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Procter And Gamble Supply Chain Management Marketing Essay

Info: 2454 words (10 pages) Essay
Published: 1st Jan 2015 in Marketing

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This case study report is about the Supply Chain Management (SCM) that Procter & Gamble Company uses as part of their Information System. The research has done properly and full referencing is provided.

The clearly illustrate how the Supply Chain Management (SCM) works to Procter & Gamble, this report will discuss how SCM influence the company and its keys tasks and the Company’s strategies applying the Supply Chain Management that brings Competitive Advantage in the market that later on they referred to it as ” Supply Network”.

A Supply Chain Management is an integrated process wherein raw materials are manufacture into final products and then delivered to customers via distribution, retail or both.

In the conclusion, it is written that Supply Chain in an effective style will definitely help organizations by giving it a Competitive Advantage in the market over its rivals. By aligning most of their accounts with the suppliers and introducing change in their overall Supply chain structure, which they now call it, a Network allows communication between each and every level rather than only conferring to flow-on fashion.

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1.0 Introduction

Procter & Gamble produces a comprehensive range of goods from detergents to pet foods to beauty products. The company operates in North America, Europe, the Middle East, Africa, Asia and Latin America , with products sold in over 140 countries. Procter & Gamble ranked 26th in Fortune magazine’s top 100 America’s largest company for the year 2011. (Fortune 500, CNN 2012)

Procter & Gamble began as a small soap and candle Company in Cincinnati, Ohio, USA in 1873. By 1980, Procter and Gamble had grown into a multi-million dollar corporation. The first overseas subsidiary was purchased in 1930 ( a UK-based soap manufacturer). From there, start-up operations sprang up in Latin America, Europe and Japan.

Procter & Gamble have many well-known brands, which include Pampers Nappies, max Factor cosmetics, Pantene shampoos, Iams and Eukaneba pet foods and Pringle potato chips.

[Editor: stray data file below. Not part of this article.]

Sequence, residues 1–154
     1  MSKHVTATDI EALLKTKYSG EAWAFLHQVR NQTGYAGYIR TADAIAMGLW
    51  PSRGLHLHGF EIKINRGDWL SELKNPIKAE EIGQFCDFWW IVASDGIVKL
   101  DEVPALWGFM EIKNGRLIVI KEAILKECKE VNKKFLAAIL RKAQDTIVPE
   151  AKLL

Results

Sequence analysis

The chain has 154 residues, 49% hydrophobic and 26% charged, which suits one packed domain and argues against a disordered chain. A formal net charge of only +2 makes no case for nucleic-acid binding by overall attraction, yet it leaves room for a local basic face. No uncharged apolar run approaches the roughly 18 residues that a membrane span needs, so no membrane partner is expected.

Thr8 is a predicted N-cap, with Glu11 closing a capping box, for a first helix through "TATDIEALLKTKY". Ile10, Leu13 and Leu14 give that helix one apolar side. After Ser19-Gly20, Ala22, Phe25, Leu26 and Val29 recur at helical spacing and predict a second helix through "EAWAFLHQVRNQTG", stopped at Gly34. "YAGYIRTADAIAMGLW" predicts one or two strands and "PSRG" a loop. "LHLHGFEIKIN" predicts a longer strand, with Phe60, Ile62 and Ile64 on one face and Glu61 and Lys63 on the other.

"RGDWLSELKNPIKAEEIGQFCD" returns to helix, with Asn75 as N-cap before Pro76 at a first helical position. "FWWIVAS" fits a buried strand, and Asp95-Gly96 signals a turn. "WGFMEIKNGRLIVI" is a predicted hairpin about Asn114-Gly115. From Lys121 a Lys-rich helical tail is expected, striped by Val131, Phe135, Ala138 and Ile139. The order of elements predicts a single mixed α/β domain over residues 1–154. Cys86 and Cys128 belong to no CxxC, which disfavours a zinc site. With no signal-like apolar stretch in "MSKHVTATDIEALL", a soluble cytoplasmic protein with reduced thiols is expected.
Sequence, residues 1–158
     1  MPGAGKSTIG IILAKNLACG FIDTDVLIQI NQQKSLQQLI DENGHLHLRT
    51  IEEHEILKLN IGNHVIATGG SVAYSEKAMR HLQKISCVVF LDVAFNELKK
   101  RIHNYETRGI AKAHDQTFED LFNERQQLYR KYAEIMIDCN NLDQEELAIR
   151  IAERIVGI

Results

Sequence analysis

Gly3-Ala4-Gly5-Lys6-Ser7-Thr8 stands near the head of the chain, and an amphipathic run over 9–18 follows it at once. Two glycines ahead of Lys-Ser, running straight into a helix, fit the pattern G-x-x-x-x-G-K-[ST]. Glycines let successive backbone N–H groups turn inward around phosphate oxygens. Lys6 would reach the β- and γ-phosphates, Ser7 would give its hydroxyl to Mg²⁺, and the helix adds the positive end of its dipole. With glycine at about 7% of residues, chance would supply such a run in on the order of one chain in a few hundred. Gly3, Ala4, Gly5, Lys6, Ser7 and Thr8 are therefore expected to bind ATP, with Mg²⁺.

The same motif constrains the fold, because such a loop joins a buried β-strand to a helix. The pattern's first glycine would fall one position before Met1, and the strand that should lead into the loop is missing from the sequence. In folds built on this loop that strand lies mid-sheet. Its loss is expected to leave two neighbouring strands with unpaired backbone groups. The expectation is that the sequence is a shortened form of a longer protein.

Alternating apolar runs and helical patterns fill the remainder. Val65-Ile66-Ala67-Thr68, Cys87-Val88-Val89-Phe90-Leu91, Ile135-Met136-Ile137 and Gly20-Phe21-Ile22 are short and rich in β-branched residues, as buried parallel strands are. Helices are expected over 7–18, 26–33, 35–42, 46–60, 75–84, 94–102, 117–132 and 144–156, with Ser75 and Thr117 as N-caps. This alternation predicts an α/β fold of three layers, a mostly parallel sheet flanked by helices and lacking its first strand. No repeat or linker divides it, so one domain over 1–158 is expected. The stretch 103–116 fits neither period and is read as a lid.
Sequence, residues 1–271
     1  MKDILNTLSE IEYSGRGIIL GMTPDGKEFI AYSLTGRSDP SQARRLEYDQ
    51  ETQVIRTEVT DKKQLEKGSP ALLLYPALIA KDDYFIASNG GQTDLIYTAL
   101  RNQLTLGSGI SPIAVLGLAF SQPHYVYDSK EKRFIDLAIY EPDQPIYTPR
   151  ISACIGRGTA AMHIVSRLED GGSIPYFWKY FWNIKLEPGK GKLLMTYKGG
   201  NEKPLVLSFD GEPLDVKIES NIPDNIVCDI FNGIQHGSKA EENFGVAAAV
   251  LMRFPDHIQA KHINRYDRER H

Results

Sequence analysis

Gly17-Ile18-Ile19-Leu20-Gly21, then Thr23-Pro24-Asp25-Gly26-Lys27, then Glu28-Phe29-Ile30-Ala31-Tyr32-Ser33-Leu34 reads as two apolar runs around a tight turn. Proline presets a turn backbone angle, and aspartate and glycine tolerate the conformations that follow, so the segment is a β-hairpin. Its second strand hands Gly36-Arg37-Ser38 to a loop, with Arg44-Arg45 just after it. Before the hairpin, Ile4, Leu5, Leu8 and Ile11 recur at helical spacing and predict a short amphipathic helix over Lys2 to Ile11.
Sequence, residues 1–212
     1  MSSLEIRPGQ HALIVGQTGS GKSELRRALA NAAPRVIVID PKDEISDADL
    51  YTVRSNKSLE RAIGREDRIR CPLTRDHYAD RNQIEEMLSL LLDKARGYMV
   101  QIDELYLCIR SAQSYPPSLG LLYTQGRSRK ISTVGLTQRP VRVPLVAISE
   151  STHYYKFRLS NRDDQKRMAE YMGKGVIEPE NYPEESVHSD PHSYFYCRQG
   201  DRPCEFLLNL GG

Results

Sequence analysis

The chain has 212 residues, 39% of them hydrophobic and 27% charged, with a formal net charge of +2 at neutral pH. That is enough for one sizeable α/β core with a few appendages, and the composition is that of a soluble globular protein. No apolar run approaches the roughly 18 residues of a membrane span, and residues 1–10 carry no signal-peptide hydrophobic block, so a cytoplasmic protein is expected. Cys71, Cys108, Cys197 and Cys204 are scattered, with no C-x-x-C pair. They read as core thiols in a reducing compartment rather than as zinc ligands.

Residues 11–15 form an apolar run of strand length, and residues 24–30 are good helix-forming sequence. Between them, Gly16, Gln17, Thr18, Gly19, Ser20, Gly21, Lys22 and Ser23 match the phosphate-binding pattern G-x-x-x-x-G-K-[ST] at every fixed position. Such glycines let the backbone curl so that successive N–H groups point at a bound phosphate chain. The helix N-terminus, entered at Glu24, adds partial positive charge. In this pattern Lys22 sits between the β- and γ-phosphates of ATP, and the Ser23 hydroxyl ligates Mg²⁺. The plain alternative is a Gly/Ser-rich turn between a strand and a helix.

2.0 The Procter & Gamble Supply Chain Management

Mastering the Supply Chain is very important aspect to achieve high customer satisfaction that will lead to profitability and greater market share. In order to make the Supply Chain capabilities as a core of the business model, the company needs to redefine its strategy. This entails both generating a new strategy and bringing the Company’s other core activities into alignment with this new business model most importantly, the account selection, in the customer operations, the channel strategy, the core operations capabilities and Management/Organization Structure. All of these activities must undergo comprehensive changes. Proficient Supply Chain creates a distinctive business model that modifies the major objective of Supply Chain Management from cost control to revenue enhancement to Customer satisfaction.

Procter & Gamble previously used Supply Chain mastery to pare out strong, long-term Competitive Advantage. The Company’s strategic focus toward Supply Chain-based service modernization transformed both the consumer products and retail industries. The method required direct distribution to major accounts. This channel arrangement enabled Procter and Gamble to develop an exceptionally high degree of customer confidence and on-going rounds of Supply Chain modernization in these accounts. At the same time, Procter and Gamble quietly moved to end its direct relationships with numerous smaller accounts, setting up a set of master distributors to service them. In turn, the main distributors had grown enough volume to sustain direct value-added relationships with Procter & Gamble.